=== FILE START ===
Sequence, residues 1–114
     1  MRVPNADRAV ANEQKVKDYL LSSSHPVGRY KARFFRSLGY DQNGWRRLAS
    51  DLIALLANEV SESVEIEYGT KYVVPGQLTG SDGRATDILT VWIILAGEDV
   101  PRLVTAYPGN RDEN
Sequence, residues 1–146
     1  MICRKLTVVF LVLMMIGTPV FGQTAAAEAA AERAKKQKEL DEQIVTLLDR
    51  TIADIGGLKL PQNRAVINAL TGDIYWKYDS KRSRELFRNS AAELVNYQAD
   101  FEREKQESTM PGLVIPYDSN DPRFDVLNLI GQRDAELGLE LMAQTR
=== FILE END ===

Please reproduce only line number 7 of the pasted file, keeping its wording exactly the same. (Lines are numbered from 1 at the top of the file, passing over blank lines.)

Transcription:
    51  TIADIGGLKL PQNRAVINAL TGDIYWKYDS KRSRELFRNS AAELVNYQAD